What General John Allen was Doing in Tampa Helps Us Understand the Newly Announced FBI Investigation
Underpaid military men like Allen may be vulnerable to money, to charm, to all sorts of things that they don’t face in the battlefield—and perhaps have much less training for.
Vicky Ward Investigates is a reader-supported publication. To receive the headlines straight from the source, please consider becoming a subscriber.
On May 20, I told you that there could be a looming crackdown coming in DC on the “swamp,” especially regarding people who work for foreign countries without disclosing it—a breach of “FARA” (Foreign Agents Registration Act) laws.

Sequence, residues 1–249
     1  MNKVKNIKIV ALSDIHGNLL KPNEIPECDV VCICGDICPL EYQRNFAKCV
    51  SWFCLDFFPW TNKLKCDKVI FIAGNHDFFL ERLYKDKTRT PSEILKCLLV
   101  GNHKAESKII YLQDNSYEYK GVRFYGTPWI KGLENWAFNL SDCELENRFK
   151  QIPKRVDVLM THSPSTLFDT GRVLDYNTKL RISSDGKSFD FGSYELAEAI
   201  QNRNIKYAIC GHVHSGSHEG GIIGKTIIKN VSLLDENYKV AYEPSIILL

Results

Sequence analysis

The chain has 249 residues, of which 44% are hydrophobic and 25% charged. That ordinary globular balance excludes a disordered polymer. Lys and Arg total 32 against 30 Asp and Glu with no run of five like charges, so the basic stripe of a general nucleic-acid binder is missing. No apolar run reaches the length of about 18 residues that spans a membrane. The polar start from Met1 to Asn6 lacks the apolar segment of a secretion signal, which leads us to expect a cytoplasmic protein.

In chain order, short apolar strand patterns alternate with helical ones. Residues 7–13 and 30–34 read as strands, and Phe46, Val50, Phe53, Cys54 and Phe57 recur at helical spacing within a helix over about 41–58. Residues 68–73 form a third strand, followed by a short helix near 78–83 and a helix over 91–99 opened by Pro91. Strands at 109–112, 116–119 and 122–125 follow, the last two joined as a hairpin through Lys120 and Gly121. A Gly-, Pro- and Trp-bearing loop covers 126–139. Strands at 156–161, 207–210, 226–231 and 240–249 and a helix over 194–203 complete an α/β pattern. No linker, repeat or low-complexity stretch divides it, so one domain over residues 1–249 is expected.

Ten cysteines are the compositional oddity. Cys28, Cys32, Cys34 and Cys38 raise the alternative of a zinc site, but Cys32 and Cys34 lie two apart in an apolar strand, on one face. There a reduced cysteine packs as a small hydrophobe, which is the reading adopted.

I told you that it was important to link three different legal cases: former ambassador to UAE and Pakistan Richard Olson’s plea deal regarding lobbying of Qatar; the charges against Trump crony and real estate developer Tom Barrack of illegally lobbying the Trump administration on behalf of the UAE and lying to the FBI about it; and charges by the FBI against Trump crony Steve Wynn, who is accused of lying about acting as an unregistered agent for the Chinese. (Wynn has said he didn’t need to register and Barrack has denied the charges.) I told you to watch for more indictments by the FBI.
What I didn’t say—because it wasn’t yet in plain sight—is that new legal documents show there is a task force at work in DC expressly to stop the washing of foreign money—especially to prevent Gulf states from influencing former U.S. government officials.